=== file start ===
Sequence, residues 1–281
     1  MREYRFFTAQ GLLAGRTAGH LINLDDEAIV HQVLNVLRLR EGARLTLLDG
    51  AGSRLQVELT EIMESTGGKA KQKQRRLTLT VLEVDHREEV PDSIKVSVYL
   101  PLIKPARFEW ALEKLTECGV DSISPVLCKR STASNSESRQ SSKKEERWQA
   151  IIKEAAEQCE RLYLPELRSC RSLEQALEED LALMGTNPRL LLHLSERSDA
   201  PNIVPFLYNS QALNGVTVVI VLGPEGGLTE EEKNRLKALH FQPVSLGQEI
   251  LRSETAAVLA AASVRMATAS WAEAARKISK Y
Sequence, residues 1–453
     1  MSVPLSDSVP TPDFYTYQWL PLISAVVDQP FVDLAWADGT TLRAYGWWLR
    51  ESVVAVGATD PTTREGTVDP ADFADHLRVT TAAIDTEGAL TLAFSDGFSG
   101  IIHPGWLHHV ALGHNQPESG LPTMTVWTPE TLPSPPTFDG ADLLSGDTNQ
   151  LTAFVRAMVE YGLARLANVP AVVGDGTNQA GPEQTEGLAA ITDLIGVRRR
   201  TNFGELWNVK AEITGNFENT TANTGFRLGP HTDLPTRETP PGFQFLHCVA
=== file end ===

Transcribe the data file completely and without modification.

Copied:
Sequence, residues 1–281
     1  MREYRFFTAQ GLLAGRTAGH LINLDDEAIV HQVLNVLRLR EGARLTLLDG
    51  AGSRLQVELT EIMESTGGKA KQKQRRLTLT VLEVDHREEV PDSIKVSVYL
   101  PLIKPARFEW ALEKLTECGV DSISPVLCKR STASNSESRQ SSKKEERWQA
   151  IIKEAAEQCE RLYLPELRSC RSLEQALEED LALMGTNPRL LLHLSERSDA
   201  PNIVPFLYNS QALNGVTVVI VLGPEGGLTE EEKNRLKALH FQPVSLGQEI
   251  LRSETAAVLA AASVRMATAS WAEAARKISK Y
Sequence, residues 1–453
     1  MSVPLSDSVP TPDFYTYQWL PLISAVVDQP FVDLAWADGT TLRAYGWWLR
    51  ESVVAVGATD PTTREGTVDP ADFADHLRVT TAAIDTEGAL TLAFSDGFSG
   101  IIHPGWLHHV ALGHNQPESG LPTMTVWTPE TLPSPPTFDG ADLLSGDTNQ
   151  LTAFVRAMVE YGLARLANVP AVVGDGTNQA GPEQTEGLAA ITDLIGVRRR
   201  TNFGELWNVK AEITGNFENT TANTGFRLGP HTDLPTRETP PGFQFLHCVA